The US Food and Drug Administration (FDA) has issued a final order to reclassify select radiological medical image analysers, including computer-assisted detection (CADe) devices, from class III to class II devices.

The order will be effective from 21 February 2020. The reclassification will be subject to 501(k) premarket notification.

Alongside the reclassification, the FDA will set special controls to provide a reasonable assurance of safety and effectiveness for CADe devices. The review of these devices will also be streamlined to provide more timely access for patients.

Analysers included in the reclassification are those applied to mammography breast cancer, ultrasound breast lesions, radiograph lung nodules and radiograph dental caries detection.

The devices are all intended to direct a clinician’s attention to portions of an image that could reveal abnormalities while interpreting a patient’s scans. They incorporate pattern recognition and data analysis capabilities and operate based on historical medical images, but are not intended to replace the review of a qualified radiologist, to be used for triage or to recommend a final diagnosis.

The three classes of devices are are: low-risk class I devices subject to general controls, medium-risk class II devices subject to special conditions like 501(k) premarket notification and high-risk class III devices requiring a premarket approval (PMA) order.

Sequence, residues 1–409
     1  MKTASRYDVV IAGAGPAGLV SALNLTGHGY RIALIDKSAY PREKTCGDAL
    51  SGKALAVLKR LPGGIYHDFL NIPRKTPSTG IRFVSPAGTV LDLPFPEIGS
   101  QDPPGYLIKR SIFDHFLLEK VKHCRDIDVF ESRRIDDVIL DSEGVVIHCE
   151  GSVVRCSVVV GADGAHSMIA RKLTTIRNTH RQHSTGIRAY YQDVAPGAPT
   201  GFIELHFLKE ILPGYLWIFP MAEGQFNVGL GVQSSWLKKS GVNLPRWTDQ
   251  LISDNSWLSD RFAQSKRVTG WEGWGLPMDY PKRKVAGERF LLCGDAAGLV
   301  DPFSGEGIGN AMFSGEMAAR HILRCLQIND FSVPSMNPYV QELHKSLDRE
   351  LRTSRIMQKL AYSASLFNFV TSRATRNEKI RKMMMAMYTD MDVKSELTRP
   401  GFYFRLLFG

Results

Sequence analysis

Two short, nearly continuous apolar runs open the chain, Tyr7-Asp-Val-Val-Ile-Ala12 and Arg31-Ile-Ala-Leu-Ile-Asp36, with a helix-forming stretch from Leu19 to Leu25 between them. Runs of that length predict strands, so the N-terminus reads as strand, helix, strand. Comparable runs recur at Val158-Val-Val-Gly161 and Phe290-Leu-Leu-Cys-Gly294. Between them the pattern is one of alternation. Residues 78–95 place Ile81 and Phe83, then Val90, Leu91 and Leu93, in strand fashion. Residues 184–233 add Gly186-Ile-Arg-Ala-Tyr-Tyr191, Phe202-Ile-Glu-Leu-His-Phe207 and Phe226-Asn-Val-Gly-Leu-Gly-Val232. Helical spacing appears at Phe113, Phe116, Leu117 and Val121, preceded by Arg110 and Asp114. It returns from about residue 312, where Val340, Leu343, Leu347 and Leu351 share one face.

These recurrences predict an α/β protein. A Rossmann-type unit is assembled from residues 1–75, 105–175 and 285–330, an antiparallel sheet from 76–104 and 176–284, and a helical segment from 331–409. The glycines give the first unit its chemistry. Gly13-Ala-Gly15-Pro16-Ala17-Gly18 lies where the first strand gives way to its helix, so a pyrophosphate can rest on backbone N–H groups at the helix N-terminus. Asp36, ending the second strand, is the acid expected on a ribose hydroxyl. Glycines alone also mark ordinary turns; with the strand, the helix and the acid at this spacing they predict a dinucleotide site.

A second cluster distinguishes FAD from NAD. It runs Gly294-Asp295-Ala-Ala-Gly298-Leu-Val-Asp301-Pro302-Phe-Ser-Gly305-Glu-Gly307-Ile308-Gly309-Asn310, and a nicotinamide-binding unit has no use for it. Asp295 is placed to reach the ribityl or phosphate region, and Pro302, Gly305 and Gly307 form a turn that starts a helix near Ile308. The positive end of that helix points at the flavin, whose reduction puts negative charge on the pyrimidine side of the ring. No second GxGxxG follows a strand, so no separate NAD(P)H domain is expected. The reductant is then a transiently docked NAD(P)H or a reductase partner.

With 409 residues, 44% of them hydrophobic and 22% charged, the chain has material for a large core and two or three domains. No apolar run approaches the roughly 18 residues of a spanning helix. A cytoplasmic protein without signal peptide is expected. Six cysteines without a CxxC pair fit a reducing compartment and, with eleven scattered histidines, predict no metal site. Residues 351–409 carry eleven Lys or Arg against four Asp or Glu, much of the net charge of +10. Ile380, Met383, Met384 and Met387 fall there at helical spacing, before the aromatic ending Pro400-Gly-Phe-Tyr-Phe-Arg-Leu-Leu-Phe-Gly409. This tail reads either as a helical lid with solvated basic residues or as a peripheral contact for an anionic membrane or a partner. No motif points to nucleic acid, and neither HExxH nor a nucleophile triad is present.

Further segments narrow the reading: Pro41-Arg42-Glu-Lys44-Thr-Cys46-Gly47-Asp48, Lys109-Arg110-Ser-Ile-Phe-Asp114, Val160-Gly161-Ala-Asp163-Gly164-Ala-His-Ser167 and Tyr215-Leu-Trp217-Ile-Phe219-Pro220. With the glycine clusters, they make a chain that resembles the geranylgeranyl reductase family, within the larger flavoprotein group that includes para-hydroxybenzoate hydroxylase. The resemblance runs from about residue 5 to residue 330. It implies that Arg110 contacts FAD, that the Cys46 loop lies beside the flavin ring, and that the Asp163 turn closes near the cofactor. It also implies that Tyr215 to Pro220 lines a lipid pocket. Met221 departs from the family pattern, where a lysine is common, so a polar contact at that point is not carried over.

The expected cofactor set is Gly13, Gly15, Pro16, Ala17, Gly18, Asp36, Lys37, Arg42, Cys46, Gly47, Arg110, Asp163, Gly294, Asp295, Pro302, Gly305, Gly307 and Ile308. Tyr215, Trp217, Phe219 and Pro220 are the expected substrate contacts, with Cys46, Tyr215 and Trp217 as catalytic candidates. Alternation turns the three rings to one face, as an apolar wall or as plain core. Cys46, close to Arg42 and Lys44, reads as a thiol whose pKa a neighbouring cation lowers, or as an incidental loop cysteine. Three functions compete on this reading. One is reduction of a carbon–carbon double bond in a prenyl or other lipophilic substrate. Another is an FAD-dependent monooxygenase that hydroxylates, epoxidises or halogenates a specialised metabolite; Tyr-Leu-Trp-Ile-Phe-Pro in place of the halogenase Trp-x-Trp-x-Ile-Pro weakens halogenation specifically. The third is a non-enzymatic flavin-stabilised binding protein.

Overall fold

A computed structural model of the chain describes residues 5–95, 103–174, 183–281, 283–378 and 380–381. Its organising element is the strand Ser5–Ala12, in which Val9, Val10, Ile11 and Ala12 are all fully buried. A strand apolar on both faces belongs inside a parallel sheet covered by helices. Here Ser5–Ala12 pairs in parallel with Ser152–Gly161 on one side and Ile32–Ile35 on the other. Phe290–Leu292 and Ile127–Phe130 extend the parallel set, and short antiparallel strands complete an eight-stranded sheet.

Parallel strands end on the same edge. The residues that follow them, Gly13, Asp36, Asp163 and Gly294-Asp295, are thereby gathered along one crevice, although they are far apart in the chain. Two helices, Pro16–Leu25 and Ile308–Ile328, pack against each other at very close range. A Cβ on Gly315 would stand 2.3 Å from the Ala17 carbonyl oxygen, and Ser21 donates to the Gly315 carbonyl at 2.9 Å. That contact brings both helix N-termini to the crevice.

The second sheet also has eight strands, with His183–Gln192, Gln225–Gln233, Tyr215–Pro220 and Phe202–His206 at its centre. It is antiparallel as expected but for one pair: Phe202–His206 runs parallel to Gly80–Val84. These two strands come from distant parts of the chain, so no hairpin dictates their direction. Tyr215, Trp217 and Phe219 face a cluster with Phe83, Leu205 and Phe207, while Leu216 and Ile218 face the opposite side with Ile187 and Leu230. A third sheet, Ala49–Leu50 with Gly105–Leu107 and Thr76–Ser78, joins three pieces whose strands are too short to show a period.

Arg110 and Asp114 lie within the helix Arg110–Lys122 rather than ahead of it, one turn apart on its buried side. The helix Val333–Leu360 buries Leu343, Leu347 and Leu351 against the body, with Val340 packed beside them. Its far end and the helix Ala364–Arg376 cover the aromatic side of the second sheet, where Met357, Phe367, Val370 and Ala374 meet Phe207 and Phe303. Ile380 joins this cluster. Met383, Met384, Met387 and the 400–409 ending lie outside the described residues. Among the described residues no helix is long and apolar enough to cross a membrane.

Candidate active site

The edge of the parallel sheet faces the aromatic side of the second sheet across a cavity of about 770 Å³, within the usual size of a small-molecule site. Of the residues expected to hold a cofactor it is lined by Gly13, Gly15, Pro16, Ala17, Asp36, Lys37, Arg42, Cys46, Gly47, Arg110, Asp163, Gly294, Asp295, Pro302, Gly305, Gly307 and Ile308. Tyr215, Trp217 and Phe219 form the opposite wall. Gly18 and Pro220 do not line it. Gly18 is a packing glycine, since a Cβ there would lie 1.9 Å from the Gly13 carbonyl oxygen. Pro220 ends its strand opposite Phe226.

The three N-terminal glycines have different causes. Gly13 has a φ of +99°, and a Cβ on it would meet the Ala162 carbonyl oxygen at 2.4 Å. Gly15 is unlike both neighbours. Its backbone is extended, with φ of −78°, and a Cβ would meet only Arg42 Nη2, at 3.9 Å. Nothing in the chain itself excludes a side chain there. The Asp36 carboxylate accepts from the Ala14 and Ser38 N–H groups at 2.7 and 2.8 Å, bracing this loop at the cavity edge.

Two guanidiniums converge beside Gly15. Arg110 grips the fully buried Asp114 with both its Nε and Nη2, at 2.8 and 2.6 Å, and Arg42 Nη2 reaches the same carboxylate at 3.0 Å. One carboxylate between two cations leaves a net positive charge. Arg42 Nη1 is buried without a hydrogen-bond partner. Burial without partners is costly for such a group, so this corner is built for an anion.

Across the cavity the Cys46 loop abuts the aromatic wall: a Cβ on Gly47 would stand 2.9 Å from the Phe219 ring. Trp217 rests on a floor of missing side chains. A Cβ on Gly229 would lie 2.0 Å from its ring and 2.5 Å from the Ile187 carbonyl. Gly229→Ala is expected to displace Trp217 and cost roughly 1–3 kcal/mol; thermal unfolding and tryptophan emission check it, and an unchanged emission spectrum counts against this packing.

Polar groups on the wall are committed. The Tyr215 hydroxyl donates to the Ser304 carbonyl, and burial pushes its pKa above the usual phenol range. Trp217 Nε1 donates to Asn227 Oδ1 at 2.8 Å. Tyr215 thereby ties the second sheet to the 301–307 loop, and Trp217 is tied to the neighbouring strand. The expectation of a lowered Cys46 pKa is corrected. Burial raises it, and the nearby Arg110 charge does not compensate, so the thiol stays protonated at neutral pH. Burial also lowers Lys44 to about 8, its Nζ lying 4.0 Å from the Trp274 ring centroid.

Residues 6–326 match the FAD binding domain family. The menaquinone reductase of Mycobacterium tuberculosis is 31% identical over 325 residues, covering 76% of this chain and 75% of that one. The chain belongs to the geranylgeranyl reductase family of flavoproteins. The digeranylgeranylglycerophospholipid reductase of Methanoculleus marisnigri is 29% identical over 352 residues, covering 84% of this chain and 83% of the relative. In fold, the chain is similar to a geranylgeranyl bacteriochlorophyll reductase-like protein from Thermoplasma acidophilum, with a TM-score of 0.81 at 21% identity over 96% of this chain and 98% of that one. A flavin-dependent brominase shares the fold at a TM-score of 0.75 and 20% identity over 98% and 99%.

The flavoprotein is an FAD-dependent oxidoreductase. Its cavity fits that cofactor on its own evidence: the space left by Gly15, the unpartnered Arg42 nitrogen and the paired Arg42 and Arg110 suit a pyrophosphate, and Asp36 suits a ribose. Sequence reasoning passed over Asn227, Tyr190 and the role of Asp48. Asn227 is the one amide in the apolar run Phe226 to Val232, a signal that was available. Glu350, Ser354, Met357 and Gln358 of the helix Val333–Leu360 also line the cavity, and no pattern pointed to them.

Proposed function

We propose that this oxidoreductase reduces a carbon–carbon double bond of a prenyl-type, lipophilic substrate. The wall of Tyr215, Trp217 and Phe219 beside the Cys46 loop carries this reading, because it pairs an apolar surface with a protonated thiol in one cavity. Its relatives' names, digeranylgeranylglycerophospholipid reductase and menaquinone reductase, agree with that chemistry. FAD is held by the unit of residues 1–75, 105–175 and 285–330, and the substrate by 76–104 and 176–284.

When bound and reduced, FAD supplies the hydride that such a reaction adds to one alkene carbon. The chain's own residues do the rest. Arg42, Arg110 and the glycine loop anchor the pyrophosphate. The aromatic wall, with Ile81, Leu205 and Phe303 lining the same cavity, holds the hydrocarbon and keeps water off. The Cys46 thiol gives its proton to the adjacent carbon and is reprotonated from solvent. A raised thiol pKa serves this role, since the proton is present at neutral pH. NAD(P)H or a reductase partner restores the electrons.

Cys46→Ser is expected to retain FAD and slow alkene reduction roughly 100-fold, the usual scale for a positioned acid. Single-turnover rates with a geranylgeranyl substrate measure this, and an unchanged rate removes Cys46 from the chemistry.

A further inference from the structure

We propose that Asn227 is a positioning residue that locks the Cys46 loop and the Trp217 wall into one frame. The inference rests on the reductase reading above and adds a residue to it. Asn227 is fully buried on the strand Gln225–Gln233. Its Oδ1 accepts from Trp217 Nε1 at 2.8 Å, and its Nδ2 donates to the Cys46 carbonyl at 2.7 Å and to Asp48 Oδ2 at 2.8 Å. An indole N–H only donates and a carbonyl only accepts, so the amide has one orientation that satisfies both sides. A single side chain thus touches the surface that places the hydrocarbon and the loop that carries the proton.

A 501(k) allows a device to enter the market if it can be established as being substantially equivalent to another FDA pre-approved device. Applying for a PMA is a longer process for devices which are completely new to the market or categorised as class III, and requires extensive clinical evidence such as laboratory and trial data before it can enter the market.

The FDA has now concluded that special controls like 501(k) will provide a reasonable assurance of the safety and effectiveness of these select medical image analysers, and that PMA is no longer necessary.

Manufacturers of these select medical imaging devices will still need to undergo 501(k) premarket notification processes.

The FDA’s final report on the matter reads: “FDA has determined that premarket notification is necessary to provide reasonable assurance of safety and effectiveness of medical image analysers, and therefore, this device type is not exempt from premarket notification requirements. Persons who intend to market a new CADe device must obtain clearance of a premarket notification and demonstrate compliance with the special controls included in this final order, prior to marketing the device.”